Surveillance evidence in personal injury claims
Produced in partnership with David Willink of Lamb Chambers
Surveillance evidence in personal injury claims

The following PI & Clinical Negligence guidance note Produced in partnership with David Willink of Lamb Chambers provides comprehensive and up to date legal information covering:

  • Surveillance evidence in personal injury claims
  • Overview
  • The nature of surveillance evidence
  • Avoiding prior notice of surveillance
  • Secrecy and the rights of the claimant
  • When to disclose surveillance evidence
  • Issues for the claimant
  • Issues for the defendant
  • After disclosure of surveillance evidence
  • Surveillance after judgment

STOP PRESS: Note that amendments to CPR PD 22 regarding statements of truth will come into force on 6 April 2020. The changes address the issue of cases where a witness statement is presented in English but where, notwithstanding signature of the statement, the witness cannot speak English and the statement is not necessarily ‘in their own words’. CPR PD 22 will also require a statement of truth to be dated with the date that it is signed and the required wording of the statement of truth will be amended to include a warning that proceedings for contempt of court may be brought against those who give a statement of truth without an honest belief in its truth. For more information, see News Analysis: 113th practice direction update—31 March and 6 April 2020—Changes in force 6 April 2020. This content will be updated in light of these changes in time for the 6 April 2020 in force date.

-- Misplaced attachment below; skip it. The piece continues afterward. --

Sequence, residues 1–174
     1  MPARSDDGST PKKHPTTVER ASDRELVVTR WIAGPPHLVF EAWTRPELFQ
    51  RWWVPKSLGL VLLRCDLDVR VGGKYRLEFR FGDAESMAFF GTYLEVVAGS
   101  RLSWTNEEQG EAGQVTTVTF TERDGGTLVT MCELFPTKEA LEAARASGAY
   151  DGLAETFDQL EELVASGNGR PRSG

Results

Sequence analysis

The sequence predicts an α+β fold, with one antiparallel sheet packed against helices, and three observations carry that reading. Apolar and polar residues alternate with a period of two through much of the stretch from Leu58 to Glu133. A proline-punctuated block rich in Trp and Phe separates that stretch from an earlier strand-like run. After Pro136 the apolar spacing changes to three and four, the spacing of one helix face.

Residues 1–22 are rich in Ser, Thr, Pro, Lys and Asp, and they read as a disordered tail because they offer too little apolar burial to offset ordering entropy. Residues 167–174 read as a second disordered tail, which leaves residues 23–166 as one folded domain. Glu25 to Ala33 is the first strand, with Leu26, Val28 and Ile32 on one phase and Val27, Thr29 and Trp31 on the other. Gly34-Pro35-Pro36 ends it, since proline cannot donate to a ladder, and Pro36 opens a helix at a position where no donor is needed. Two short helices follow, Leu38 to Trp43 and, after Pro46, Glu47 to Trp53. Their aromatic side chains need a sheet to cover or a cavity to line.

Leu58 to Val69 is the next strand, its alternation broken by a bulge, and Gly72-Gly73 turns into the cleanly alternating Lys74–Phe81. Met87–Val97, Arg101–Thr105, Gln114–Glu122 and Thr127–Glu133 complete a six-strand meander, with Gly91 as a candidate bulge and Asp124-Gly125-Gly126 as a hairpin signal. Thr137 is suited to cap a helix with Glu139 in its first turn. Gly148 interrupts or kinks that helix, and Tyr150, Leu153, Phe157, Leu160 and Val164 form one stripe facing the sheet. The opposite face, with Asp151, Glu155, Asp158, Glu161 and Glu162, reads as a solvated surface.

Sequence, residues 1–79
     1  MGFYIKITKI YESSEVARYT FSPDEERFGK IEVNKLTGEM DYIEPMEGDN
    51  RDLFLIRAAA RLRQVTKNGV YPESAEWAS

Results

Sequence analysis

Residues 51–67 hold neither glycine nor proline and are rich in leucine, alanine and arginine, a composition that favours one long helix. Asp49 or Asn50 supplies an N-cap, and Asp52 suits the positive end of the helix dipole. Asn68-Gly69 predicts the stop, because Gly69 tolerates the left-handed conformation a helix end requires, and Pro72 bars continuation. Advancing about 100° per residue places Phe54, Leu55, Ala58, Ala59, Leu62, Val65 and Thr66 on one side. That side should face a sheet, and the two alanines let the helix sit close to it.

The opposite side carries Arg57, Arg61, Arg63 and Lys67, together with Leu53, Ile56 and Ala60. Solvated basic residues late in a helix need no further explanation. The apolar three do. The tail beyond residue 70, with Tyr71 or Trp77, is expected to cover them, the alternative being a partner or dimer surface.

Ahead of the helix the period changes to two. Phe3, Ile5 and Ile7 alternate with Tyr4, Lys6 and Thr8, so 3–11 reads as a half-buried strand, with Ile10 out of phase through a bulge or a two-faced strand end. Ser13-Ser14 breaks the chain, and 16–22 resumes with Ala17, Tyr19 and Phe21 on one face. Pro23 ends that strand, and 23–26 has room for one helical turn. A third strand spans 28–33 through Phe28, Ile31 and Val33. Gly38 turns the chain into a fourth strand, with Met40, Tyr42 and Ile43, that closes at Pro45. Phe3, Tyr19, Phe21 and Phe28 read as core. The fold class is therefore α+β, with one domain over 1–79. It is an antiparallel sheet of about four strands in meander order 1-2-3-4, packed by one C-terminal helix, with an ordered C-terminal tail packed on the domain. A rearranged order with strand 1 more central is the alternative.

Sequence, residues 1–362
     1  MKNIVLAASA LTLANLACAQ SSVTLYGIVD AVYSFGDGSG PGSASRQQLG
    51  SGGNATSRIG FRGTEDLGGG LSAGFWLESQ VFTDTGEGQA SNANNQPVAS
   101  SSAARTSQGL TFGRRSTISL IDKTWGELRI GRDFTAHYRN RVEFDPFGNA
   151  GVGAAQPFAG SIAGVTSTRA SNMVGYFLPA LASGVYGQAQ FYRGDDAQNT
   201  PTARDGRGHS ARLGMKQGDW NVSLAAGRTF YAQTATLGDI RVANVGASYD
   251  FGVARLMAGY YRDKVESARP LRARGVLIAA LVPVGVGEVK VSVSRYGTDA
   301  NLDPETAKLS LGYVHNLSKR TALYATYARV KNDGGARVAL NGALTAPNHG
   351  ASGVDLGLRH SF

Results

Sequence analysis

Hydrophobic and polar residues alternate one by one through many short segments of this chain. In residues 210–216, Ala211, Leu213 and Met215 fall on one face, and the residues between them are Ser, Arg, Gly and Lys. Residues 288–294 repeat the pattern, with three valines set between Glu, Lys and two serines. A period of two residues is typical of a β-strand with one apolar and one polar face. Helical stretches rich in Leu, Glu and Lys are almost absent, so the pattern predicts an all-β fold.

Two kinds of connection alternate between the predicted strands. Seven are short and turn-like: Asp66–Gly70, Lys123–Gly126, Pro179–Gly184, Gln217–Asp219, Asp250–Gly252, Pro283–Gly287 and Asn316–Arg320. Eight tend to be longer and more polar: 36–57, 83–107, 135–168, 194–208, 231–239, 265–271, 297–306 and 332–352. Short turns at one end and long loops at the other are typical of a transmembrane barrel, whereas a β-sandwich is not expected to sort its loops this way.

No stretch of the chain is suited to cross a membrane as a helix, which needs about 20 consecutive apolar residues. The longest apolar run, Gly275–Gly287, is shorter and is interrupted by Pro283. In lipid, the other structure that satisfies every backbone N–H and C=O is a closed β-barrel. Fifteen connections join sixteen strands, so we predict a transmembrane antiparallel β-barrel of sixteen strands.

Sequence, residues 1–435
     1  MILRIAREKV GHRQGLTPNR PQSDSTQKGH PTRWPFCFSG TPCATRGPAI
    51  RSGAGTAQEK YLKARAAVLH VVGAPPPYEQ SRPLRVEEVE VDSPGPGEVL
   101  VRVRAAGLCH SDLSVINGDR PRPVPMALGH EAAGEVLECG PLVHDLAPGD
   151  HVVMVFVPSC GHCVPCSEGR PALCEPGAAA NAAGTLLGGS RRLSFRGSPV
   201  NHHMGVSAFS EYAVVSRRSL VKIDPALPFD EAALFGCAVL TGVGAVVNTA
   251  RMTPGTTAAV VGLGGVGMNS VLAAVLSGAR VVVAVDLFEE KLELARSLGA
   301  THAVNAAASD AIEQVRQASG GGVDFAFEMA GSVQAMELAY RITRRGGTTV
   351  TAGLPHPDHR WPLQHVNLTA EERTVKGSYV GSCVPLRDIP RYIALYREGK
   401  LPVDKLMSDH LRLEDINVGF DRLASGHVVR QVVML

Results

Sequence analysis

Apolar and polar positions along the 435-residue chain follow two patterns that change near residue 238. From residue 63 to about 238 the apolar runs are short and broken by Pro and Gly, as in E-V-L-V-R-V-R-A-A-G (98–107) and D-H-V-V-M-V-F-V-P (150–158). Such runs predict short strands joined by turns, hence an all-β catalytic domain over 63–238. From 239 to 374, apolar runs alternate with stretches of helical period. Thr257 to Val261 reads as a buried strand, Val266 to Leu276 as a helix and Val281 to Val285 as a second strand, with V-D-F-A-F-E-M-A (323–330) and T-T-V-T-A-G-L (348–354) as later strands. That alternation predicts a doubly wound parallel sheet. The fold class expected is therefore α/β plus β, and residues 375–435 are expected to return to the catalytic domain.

Overview

In civil proceedings, surveillance evidence is most commonly used by defendants in personal injury claims. Its aim is to show any difference between the claimant’s allegations of impairments consequent on the index accident, and the truth.

The Civil Procedure Rules (CPR) makes no separate provision for surveillance evidence; a recording is considered a document, and CPR 31 applies.

There are three particular